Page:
So, back to my thoughts on being bi-vocational… It was Patient Zero’s fault. In the previous post I talked a little bit about making an adaptive device for him to put his socks on. The sock aid is a device I will not pretend to take credit for; it is certainly not my creative genius. They are readily available in the US and have many different designs. They are not readily available in India where resources and money are limited. There was my problem. I needed a low cost, easy to make, fairly reliable sock aid that my C6 spinal cord injury patient could use independently. My history of design bubbled up from some place deep in my head and I eagerly got innovative.

My first concept failed. I started using a two liter water bottle. I figured if it was cut right and the edges were properly guarded it would work like a charm. Fail. It wasn't strong enough and collapsed into a tiny roll of plastic that no one could possibly get on to their foot. Back to the drawing board. After much thought and an evening stroll with a friend, I came back with cardboard and a better design idea. Slowly but surely the device began to take a shape that looked like it might actually work. Only when I thought it was ready to be trialed by Patient Zero did I quit working to get a few hours of sleep. I loved being in a mindset where my two worlds collided. I was designing and changing lives! Bam! The sock aid had a few more adjustments and I’ve since added a few custom features for my Patient Zero.

The first successfully trialed version. (I don't have photos of the first plastic bottle version or the first cardboard version... the one that fell apart by the end of the first day of trials.)
The final version- bottom side view.
Another view of the sock aid.
Samson helped me come up with a way to get successful leverage from the bottom of the aid which really made pulling up the sock easier for Patient Zero.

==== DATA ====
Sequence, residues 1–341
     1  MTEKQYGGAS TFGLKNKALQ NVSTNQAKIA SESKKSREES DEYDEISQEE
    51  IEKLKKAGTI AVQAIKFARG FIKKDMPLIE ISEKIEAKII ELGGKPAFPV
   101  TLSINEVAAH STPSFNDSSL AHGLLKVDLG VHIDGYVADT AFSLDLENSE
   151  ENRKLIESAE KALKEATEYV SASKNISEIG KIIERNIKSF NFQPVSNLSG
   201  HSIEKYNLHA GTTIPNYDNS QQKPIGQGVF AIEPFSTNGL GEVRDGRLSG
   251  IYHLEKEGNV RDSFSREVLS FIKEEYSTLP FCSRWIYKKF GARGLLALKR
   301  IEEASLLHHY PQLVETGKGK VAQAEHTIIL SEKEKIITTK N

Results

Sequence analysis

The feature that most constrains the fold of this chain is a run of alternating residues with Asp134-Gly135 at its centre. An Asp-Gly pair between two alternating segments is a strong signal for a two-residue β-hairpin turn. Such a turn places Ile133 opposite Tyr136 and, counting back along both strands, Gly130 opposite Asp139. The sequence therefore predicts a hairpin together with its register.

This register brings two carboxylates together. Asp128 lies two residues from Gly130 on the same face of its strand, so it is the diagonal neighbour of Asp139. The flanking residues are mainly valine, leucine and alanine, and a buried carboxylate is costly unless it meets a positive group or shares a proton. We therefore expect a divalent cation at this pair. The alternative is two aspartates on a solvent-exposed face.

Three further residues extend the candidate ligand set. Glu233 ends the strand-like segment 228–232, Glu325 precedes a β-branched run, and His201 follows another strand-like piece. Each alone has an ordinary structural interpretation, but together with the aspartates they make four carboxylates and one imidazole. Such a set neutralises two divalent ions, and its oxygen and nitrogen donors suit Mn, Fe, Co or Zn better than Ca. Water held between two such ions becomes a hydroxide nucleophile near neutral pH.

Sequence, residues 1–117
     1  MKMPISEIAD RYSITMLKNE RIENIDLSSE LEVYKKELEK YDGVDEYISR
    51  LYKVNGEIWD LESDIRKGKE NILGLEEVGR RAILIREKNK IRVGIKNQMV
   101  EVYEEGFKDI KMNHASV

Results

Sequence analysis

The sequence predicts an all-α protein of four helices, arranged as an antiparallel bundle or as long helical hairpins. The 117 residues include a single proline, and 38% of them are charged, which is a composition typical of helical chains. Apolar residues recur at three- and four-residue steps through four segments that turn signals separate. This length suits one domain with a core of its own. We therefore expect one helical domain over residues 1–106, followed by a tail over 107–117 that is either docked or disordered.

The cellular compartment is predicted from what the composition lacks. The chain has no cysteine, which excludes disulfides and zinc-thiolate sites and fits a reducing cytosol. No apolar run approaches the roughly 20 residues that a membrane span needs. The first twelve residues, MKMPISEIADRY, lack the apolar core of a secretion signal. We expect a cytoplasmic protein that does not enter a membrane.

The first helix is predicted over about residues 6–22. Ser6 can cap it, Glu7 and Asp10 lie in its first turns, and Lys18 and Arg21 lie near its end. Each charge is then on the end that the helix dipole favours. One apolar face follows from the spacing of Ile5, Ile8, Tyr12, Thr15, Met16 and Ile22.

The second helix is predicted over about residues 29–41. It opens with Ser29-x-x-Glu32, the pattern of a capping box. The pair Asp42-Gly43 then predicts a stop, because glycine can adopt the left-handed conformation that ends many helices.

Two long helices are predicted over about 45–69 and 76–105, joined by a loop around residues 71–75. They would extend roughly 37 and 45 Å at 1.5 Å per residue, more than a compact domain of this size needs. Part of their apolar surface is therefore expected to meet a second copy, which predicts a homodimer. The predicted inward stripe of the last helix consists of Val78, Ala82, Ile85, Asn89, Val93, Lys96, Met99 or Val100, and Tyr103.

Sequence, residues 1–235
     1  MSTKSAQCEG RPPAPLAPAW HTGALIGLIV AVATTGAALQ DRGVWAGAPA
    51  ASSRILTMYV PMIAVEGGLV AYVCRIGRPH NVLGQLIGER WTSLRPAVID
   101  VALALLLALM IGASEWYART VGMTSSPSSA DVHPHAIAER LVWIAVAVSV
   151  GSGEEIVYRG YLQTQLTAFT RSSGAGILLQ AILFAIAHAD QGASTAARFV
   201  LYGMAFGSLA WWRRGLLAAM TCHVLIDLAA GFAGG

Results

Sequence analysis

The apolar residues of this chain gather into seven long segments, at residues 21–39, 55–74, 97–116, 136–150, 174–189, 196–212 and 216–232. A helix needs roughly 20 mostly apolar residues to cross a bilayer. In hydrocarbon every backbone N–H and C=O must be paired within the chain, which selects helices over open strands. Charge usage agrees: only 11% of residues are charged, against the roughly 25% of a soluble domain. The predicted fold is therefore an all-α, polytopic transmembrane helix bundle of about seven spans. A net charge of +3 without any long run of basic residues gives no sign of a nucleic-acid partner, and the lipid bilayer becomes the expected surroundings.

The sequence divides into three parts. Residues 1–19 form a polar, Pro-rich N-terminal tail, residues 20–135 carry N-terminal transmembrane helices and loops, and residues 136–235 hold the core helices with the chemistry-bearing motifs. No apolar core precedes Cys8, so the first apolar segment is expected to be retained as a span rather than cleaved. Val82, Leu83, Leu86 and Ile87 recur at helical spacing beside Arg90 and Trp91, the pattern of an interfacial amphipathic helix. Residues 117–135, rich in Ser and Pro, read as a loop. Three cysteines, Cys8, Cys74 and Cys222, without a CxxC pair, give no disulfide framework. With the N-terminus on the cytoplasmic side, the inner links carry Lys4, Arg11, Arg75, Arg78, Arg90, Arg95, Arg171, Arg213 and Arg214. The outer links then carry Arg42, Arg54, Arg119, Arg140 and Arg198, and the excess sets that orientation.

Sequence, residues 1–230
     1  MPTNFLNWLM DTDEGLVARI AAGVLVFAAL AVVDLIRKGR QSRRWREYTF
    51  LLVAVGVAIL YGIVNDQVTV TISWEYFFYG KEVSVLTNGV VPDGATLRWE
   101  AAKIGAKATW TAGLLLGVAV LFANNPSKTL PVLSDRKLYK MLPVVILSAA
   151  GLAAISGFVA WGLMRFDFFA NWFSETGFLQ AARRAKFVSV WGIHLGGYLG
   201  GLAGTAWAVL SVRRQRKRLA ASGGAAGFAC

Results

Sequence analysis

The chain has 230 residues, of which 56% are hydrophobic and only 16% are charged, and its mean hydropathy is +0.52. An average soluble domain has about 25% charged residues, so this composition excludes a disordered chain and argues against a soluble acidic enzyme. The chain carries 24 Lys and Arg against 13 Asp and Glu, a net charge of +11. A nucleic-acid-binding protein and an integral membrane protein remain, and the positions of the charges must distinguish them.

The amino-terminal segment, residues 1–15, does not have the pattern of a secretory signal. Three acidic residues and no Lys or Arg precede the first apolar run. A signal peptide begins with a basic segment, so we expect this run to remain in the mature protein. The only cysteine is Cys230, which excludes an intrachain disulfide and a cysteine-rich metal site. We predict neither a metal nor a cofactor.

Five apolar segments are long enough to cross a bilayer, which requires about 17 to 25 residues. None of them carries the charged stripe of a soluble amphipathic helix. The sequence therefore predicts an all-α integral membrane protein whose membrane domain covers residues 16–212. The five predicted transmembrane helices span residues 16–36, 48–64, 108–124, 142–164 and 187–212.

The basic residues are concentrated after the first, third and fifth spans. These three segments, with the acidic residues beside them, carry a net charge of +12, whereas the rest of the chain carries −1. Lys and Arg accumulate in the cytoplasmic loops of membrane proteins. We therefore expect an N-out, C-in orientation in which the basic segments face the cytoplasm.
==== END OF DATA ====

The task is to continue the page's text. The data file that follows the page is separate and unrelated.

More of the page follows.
Re-purposed surgical tubing for grip and skin protection on the handles.
The final version!
Samson, one of the therapists I work with saw me working with, trialing and changing the device and soon began to offer his suggestions and advice. I could see something wake up in him and he too began to get creative. I found out that he has an incredible mind for this sort of creativity, but lacks someone with whom he can bounce ideas off of and someone who has the drive to make things happen here and now. At the end of the day, he gave me the Indian equivalent of an “Atta, girl” and expressed an interest in working with me to create more cost-effective adaptive equipment for other patients.

I’m still not sure that this is why I have been trained in two very different professions. My “call” doesn't seem as clear as Jason’s was, but I do know that last week I was able to use my training in both professions to change at least one life. I will never forget the smile on Patient Zero’s face as he donned his sock independently (ok, modified independently for my technical OT readers) for the first time since his injury. As I look to the future, I still don’t see a clear path. But as I look back, I’m excited that being bi-vocational holds the promise of being more of a benefit than being evidence of a strange identity crisis. 


  1. I've seen how you work up close and now knowing the story behind your awesome work, I can only respect you more
    - Patient Zero (now commenter zero I guess)

    1. Patient Zero, you just made my day. (But don't think that your sweet comment doesn't mean I'm going to go easy on you from here on out... we still have new goals to conquer!Hahaha! :) )

  2. I love this post, Em!!! You never cease to amaze and inspire me with your "out of the box" thinking and designing! It is very evident that you are right where God wants you to be!!!